I apologize for my lack of posting.  The reason?  It isn't even because I've been particularly busy with anything beyond the typical never-ending tower of laundry (I swear the kids change thirteen times a day), reading (The Painted Veil was a notable read of late, though this is a rare case where I think I liked the movie more than the book) and meetings and a couple of nights out with family (Diana and Cloence one night) and neighbor friends.

Surely I could cull something to blog about from my recent experiences, but I just don't quite feel like it right this second.

But I'll be back to regular posting shortly. 

Wednesday, April 09, 2008

Growing Too Fast

Every parent laments how quickly their children grow. They grow too fast is the refrain that escapes mother's lips in conversations with each other almost daily.  The conversation is old.  It's constant.  But it's true.

Little Elisabeth is not so little anymore.  She, like the older two, has turned into a chatterbox but, even more vexing than that, is she is now completely and totally independent. Her favorite phrase is, "No!  I do it 'self!"  In Elisabeth's world there is nothing to be done that she can not do on her own.

An example.

Her car seat, a highly elevated Britax Marathon, sits high above her thirty-six inch frame.  Her life would be much simpler if she allowed an adult to pick her up and put her in the seat.  

But no.  That is not to be.

You see, Elisabeth is physically able to get up in her seat on her own even though it takes a few attempts, extra time and extra patience on my part.  But she can do it and she knows she can do it so she will do it.

Given that Baby Elisabeth is probably our last baby I think I feel her independence and growing up more acutely than I did the others.  I realize that this fiercely independent stage of hers is probably just that: a stage and soon she'll be riding a two-wheeler and reading The Secret Garden.  

So, please, forgive me the cliche, but she's growing up too fast!

Tuesday, April 08, 2008

Movie Review, XI

I read and liked The Kite Runner so I was pretty excited to see the movie version, even though its reviews weren't terrific.

I actually ended up enjoying the movie much more than I thought I would, based on its reviews.  It wasn't incredibly great, but it was very engaging, visually very pleasing and there were also a couple great acting performances, most notably Ahmed Khan Mahmidzada, who played Hassan, the main character's servant and best friend.

Though the book was better, I liked the movie and appreciated, generally, how true to the book it was.

Monday, April 07, 2008

You know you live in Wisconsin when...

anything above fifty degrees is considered "shorts" weather.

Not by me, mind you, but by the rest of my family and, apparently, the rest of the state who was sporting summer attire during the nice, but spring-like, weather over the weekend. Brrrrr!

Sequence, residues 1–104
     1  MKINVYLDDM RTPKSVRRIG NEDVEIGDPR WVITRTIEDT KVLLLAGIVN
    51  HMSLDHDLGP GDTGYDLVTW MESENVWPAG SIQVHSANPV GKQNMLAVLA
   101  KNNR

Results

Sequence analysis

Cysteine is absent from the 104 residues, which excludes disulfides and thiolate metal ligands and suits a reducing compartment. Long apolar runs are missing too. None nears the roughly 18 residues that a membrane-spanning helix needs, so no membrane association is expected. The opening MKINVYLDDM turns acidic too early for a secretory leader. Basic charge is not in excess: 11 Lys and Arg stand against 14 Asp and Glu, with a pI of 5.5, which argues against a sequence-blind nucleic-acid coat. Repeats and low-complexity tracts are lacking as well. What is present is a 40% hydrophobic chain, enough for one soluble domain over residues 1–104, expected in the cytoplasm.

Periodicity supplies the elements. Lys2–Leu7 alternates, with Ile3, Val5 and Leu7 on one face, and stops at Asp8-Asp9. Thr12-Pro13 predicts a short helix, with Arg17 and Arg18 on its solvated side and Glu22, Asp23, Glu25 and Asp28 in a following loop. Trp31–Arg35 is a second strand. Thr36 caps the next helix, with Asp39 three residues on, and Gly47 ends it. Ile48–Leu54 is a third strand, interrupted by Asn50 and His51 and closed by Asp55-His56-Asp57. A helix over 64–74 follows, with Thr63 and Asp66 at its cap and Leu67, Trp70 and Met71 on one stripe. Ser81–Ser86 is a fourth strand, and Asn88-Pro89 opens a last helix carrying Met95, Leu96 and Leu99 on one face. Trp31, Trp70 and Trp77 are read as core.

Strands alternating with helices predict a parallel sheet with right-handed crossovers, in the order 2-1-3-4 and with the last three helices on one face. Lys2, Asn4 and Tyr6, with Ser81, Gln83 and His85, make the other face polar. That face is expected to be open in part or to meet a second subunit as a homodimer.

Sunday, April 06, 2008


Here it is, our new addition!

I just couldn't wait until Monday, so on our Saturday morning of errands we zipped down to FedEx's distribution center and picked it up.

There is still a lot to learn.  It's just different enough from my Dell to make a few things frustrating, but I can already tell how some things are going to be so much easier.

What made me change loyalties?  I was never unhappy with my Dell, but I was never thrilled with it either.  I've heard so from so many people who clearly love their Macs for various reasons that I thought I'd make the switch and see what I thought.  

Anyway, here I sit with a pretty zippy little MacBook which, I don't end up loving for its performance (which I think I will), I'll sure end up loving how cute and compact it is.

Excuse any errors as I get used to the new machine (which I'm composing this post on-- we'll see how it looks!).

Friday, April 04, 2008

Coming Soon...

The Super family is expecting an exciting new addition! It's being delivered by FedEx though, not the stork, so nobody get too excited.

I was hoping to share pictures of it shortly after its arrival, but this morning I missed the FedEx man while dropping Hank off at school. They will redeliver Monday, but I may drive to the FedEx office tonight to pick it up before then.

What is it?

Some hints: the delivery came from Shanghai, China, it weighs about four kilograms and the contents are MacCool.

Stay tuned...

Wednesday, April 02, 2008

Adult Behavior

Can future adult behavior be predicted by choices made for one's pets in Webkinz World?

If so, Madeleine is destined to be a rich, penny pinching interior designer ("See my new wallpaper Mom? It was on sale!"). And, really, her pets' rooms are very well laid out and coordinated-- with accessories even!

Hank? He's going to be broke. Seriously. The boy never has more than $400 at one time, and usually that gets spent within minutes of logging on. He has three Webkinz and, like, fourteen beds in his dock. His pets' rooms? Messy. Disorganized.

If Webkinz are still around when Elisabeth is of computer age, I'll be curious to see what the soothsaying Webkinz have to say about her.